Spectroscopy method to help develop motion-sensitive human-computer technologies

A new lab is applying neuroscience knowledge—including a spectroscopy method—to ergonomic workplace design issues.

Nov 2nd, 2015
Content Dam Bow Online Articles 2015 November Neurolab1 Web

The Fraunhofer Institute of Industrial Engineering (IAO; Stuttgart, Germany) opened its NeuroLab test environment for researching neuro-ergonomical topics on October 27, 2015. The lab's researchers are applying neuroscience knowledge—including a spectroscopy method—to ergonomic workplace design issues, with focus on assistance systems in vehicles, in human-robot collaboration, and in knowledge work.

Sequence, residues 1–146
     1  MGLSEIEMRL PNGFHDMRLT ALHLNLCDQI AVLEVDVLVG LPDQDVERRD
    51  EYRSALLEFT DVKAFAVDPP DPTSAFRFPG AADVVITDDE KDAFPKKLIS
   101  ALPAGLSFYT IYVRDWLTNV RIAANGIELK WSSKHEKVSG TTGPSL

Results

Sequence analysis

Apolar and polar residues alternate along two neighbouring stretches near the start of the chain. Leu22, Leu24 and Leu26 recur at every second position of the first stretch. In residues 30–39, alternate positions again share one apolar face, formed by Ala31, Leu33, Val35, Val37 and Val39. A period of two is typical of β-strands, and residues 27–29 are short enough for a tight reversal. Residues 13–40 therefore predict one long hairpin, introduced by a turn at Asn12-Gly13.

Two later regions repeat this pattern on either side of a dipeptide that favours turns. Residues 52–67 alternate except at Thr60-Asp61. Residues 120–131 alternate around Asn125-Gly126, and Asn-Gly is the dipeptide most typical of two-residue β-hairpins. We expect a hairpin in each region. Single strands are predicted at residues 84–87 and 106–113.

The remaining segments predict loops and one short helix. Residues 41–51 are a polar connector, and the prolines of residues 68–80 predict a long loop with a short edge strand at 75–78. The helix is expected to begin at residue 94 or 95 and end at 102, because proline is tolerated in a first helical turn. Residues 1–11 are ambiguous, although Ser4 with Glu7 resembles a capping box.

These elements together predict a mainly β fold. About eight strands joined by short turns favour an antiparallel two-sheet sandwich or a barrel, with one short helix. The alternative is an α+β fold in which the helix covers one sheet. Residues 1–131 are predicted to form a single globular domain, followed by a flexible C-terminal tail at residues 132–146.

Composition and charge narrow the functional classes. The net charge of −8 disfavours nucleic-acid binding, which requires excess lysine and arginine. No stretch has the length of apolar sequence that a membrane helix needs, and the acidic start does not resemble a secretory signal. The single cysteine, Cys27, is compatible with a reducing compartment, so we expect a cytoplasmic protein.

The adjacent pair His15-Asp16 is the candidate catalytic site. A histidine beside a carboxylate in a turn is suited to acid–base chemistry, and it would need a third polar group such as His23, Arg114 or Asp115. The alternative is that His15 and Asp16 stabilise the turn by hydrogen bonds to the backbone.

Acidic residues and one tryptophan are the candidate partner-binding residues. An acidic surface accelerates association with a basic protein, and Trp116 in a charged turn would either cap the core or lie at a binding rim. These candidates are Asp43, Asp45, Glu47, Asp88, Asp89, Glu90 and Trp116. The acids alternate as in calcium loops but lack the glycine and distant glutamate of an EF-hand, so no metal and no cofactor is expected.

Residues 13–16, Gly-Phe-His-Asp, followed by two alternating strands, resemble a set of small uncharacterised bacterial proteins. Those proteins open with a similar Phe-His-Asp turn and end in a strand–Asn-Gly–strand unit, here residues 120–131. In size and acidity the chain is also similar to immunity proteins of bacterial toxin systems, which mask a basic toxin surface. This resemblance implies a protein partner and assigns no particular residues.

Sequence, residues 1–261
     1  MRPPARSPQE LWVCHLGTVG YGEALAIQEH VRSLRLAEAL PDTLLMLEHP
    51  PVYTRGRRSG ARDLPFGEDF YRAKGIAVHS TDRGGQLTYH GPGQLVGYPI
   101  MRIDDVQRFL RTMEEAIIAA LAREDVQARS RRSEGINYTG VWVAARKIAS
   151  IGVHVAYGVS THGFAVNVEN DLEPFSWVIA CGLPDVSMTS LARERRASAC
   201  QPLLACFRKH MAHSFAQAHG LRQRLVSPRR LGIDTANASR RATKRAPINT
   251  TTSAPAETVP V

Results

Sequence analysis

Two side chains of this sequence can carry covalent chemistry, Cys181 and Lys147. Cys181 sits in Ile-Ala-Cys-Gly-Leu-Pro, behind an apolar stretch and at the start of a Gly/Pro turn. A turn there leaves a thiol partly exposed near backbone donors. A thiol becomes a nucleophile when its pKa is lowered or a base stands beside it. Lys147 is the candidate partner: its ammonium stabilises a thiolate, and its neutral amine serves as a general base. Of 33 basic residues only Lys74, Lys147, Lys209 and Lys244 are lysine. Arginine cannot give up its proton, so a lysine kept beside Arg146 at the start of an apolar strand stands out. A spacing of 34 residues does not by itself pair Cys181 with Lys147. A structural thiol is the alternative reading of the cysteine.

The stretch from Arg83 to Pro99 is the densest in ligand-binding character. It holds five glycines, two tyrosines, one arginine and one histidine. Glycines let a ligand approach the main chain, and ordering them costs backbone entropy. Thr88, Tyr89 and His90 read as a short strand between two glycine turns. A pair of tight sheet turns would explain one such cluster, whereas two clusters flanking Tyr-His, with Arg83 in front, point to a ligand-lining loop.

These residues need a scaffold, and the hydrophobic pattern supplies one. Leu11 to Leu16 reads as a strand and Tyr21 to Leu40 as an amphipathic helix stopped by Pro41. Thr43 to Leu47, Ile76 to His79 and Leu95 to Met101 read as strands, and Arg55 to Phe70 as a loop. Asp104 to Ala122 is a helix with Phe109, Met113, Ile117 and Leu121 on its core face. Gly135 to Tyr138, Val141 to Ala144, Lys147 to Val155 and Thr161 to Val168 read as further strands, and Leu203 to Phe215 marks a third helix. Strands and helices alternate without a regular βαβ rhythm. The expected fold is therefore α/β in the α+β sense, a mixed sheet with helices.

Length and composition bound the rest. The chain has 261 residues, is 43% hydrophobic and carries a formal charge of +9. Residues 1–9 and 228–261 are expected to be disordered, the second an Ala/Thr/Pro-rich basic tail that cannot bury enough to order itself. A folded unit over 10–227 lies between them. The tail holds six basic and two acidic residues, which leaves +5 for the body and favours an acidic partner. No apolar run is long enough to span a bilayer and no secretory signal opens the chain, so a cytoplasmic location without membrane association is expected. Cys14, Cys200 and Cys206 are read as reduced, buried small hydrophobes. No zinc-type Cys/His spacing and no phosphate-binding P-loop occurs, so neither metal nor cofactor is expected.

The newly opened NeuroLab has been built specifically to study what happens in the brain when people use technical devices. Based on these insights, the scientists plan to develop human-computer technologies that recognize users’ mental and emotional states and adapt automatically to their individual needs.

Brain research meets industrial engineering. (Courtesy of Fraunhofer IAO)

The first studies are already underway. Currently, Kathrin Pollmann and Dr. Mathias Vukelic, who are responsible for the lab's research, are investigating what happens in the human brain when they work with assistance systems. To do this, they are employing electroencephalography (EEG) and functional near-infrared spectroscopy (fNIRS). In addition to these neuroscience methods, they also record muscle activity in the face, which allows them to further identify the direction users are looking in or to detect when users screw up their eyes or smile. The scientists expect that one day, this research will lead to the development of an interface that recognizes certain brain states such as stress or pleasure, and adapts the behavior of assistance systems accordingly.

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